Does commutativity imply Associativity?

Does commutativity imply associativity? I’m asking this because I was trying to think of structures that are commutative but non-associative but couldn’t come up with any. Are there any such examples?

NOTE: I wasn’t sure how to tag this so feel free to retag it.

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Consider the operation $(x,y) \mapsto xy+1$ on the integers.

A basic example is the “midpoint” binary operation: $a*b = \frac{a+b}{2}$

In general, if $P(u,v)$ is any polynomial in two variables with rational coefficients, then $x*y = P(x+y,xy)$ is rarely associative – I’d be curious under what conditions on $P$ this operation would be associative.

My example is $P(u,v)=\frac{u}{2}$ and Marlu’s example is $P(u,v)=1+v$.

The easiest Jordan algebra is symmetric square matrices with the operation
$$ A \ast B = (AB + BA)/2, $$
similar to a Lie algebra but with a plus sign.

Let $A = \{e,x,y\}$. Define $\cdot$ on $A$ to be $a\cdot e=a$ for all $a$, $e\cdot a= a$ for all a, and $a\cdot b=e$ for all $a$ and $b$ such that $a\neq e$ and $b\neq e$, (i.e. $a,b \in \{x,y\}$).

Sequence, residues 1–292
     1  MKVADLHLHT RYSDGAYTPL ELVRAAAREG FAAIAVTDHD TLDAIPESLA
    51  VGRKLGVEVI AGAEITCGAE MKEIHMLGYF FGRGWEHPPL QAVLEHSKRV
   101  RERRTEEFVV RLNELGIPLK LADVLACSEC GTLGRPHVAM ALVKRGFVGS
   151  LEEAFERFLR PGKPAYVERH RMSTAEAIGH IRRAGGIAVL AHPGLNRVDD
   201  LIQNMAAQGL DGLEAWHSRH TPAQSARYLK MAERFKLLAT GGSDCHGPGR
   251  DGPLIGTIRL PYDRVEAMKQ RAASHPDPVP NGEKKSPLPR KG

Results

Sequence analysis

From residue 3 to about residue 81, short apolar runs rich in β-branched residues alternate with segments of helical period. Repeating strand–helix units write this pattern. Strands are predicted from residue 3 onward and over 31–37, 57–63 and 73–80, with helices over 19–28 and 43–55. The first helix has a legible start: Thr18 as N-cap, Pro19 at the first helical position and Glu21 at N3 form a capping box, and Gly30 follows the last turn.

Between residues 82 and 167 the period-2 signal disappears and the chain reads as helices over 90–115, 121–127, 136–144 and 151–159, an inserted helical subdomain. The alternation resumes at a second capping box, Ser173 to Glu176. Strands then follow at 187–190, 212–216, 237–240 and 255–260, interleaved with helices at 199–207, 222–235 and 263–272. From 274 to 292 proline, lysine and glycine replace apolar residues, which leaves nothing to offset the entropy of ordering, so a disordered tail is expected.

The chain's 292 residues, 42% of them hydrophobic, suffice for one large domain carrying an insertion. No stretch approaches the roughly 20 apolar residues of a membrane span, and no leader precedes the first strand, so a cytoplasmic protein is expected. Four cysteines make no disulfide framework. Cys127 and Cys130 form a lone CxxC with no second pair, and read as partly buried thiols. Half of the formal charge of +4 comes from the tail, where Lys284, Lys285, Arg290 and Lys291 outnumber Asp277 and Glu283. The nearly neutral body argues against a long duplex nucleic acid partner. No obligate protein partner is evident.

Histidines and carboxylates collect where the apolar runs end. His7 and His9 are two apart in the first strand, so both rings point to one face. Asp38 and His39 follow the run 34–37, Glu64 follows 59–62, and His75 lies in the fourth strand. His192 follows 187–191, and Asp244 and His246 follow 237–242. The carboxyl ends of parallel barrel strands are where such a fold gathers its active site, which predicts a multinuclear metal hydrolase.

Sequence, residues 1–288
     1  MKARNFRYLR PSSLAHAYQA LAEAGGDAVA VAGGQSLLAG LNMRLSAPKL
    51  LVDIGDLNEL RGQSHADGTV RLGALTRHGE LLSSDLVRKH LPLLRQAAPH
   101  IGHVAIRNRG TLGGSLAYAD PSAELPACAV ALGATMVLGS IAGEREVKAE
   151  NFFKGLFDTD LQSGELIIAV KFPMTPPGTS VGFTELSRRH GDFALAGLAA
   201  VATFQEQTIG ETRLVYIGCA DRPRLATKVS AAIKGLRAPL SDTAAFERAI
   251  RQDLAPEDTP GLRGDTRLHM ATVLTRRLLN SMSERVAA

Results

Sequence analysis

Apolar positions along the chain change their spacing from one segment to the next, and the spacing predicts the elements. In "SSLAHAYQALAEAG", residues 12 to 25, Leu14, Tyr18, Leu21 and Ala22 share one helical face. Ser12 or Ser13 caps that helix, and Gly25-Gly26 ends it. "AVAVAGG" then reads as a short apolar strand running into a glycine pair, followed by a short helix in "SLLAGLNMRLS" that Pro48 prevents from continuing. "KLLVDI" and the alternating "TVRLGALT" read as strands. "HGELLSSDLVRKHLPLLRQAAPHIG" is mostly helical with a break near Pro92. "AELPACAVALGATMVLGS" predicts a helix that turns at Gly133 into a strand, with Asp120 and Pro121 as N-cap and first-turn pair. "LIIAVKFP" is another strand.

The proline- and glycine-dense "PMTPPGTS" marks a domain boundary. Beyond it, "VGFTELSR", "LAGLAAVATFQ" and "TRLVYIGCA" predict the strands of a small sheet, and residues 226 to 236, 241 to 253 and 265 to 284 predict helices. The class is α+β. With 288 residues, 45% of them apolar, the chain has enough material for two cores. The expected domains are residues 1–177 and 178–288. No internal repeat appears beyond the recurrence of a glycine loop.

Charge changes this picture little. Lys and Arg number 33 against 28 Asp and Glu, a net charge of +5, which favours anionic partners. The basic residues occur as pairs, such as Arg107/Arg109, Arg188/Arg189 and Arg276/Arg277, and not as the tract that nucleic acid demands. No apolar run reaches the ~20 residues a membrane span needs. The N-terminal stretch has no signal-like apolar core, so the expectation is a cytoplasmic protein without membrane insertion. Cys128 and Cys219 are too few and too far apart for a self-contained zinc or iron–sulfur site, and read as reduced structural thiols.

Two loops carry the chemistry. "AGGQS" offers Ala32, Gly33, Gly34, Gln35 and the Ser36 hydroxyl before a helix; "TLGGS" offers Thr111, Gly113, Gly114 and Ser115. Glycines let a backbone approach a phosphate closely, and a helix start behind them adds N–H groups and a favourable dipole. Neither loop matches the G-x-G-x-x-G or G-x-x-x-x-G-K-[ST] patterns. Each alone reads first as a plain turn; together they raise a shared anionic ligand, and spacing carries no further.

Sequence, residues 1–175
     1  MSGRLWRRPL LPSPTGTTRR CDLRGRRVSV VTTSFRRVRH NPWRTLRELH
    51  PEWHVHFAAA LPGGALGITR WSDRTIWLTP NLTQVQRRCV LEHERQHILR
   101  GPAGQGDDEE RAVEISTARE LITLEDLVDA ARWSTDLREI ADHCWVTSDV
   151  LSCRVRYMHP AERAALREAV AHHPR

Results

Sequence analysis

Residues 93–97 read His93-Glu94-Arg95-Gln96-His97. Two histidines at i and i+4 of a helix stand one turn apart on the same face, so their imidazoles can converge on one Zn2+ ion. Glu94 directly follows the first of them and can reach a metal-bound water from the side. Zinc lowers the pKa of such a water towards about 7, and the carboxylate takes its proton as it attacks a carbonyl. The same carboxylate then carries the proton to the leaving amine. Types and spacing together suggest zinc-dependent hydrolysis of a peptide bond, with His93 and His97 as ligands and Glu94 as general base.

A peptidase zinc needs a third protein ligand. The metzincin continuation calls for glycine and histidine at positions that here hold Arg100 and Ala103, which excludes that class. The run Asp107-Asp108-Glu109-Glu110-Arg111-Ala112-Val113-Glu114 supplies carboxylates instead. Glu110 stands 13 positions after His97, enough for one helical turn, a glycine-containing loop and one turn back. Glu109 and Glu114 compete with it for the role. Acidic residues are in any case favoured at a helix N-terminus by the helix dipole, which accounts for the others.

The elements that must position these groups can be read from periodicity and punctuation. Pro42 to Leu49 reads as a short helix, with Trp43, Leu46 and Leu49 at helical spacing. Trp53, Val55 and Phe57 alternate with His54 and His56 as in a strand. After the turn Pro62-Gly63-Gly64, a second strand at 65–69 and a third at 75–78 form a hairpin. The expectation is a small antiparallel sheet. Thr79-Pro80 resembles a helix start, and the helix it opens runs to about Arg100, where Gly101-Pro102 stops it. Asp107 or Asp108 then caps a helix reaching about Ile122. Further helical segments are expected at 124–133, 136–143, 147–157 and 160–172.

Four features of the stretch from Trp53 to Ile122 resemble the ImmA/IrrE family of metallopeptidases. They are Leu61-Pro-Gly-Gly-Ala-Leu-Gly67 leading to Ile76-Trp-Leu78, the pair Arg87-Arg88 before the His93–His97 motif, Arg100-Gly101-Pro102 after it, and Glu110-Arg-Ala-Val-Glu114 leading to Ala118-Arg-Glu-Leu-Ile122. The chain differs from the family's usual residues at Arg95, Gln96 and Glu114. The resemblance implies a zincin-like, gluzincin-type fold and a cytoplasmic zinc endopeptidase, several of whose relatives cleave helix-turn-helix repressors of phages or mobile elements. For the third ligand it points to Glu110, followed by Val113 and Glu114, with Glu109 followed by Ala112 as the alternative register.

This operation is commutative, $e$ is the identity, (everything even has an inverse), but is not associative since $(x \cdot y) \cdot y = e \cdot y = y$ and $x \cdot (y \cdot y) = x \cdot e = x$.

Arguably the most important example of a commutative but non-associative structure is that of finite-precision floating point numbers under addition. (a + -a) + b is always equal to b but a + (-a + b) can differ from b since the sum -a + b can involve a loss of precision (this is especially true if a and b are nearly but not quite equal, -a + b could work out to 0 even though the corresponding real sum is nonzero). The lack of associativity of floating point arithmetic is a constant complicating factor in numerical analysis.

Consider the commutative operation $\texttt{vs}$ on the set $\{\textbf{rock}, \textbf{paper}, \textbf{scissors}\}$ abbreviated $\{r,p,s\}$ defined by
$$ \begin{array}{c|ccc}
\texttt{vs} & r&p&s\\ \hline
r & r & p & r \\
p & p & p & s \\
s & r & s & s
It is not associative since, for example, $$\textbf{paper} \texttt{ vs } (\textbf{scissors} \texttt{ vs } \textbf{rock}) = \textbf{paper}$$
$$(\textbf{paper} \texttt{ vs } \textbf{scissors}) \texttt{ vs } \textbf{rock} = \textbf{rock}.$$

The simplest examples of commutative but nonassociative operations are the NAND and NOR operations (joint denial and alternative denial) in propositional logic. To quote from my answer to another question:

Namely, the $2$-element structure $\{a,b\}$, where $aa=b$ and $ab=ba=bb=a$, is commutative but not associative. This is the unique (up to isomorphism) binary operation on a $2$-element set which is commutative but not associative; it can be interpreted as either of the truth-functions NOR or NAND.